Skip to:

PUBLICATIONS

Global Warming Policy After Kyoto: Rethinking Engagement with Developing Countries
Working Paper

Published By

Program on Energy and Sustainable Development Working Paper #82

January 28, 2009

Effective strategies for managing the dangers of global climate change are proving very difficult to design and implement.  They require governments to undertake a portfolio of costly efforts that yield uncertain benefits far in the future.  That portfolio includes tasks such as putting a price on carbon and devising complementary regulations to encourage firms and individuals to reduce their carbon footprint.  It includes correcting for the tendency for firms to under-invest in the public good of new technologies and knowledge that will be needed for achieving cost-effective and deep cuts in emissions.  And it also includes investments to help societies prepare for a changing climate by adapting to new climates and also readying "geoengineering" systems in case they are needed.  Many of those efforts require international coordination that has proven especially difficult to mobilize and sustain because international institutions are usually weak and thus unable to force collective action.  All these dimensions of climate diplomacy are the subject of my larger book project and a host of complementary research here at the Program on Energy & Sustainable Development.  

By far, the most important yet challenging aspect of international climate policy has been to encourage developing countries to contribute to this portfolio of efforts.  Those nations, so far, have been nearly universal in their refusal to make credible commitments to reduce growth in their emissions of greenhouse gases for two reasons.  First, most put a higher priority on economic growth-even at the expense of distant, global environmental goods.  That's why the developing country governments that have signaled their intention to slow the rise in their emissions have offered policies that differ little from what they would have done anyway to promote economic growth.  Second, the governments of the largest and most rapidly developing countries-such as China and India-actually have little administrative ability to control emissions in many sectors of their economy.  Even if they adopted policies to control emissions it is not clear that firms and local governments would actually follow.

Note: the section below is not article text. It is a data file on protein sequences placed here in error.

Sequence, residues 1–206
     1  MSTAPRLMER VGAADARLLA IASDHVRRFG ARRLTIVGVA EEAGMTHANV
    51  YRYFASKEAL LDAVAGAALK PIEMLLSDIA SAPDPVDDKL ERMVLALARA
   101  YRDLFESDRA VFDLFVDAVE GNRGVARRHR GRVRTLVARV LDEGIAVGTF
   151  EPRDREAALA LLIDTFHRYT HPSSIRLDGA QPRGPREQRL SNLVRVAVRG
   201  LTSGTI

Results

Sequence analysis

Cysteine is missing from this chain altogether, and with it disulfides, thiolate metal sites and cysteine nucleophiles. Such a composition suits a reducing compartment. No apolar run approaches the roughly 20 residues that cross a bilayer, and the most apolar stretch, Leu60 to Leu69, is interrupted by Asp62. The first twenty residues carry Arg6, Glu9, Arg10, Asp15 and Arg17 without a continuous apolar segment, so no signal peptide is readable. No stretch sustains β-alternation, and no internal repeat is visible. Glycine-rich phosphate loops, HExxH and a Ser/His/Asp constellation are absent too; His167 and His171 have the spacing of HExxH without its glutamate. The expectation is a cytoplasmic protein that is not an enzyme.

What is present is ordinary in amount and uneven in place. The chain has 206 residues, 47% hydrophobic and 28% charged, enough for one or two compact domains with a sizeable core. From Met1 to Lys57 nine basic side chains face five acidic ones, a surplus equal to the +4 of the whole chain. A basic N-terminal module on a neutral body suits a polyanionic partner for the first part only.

Publication Materials
Working Paper 82 Download pdf

Share This Publication

Research Project

Ongoing research Project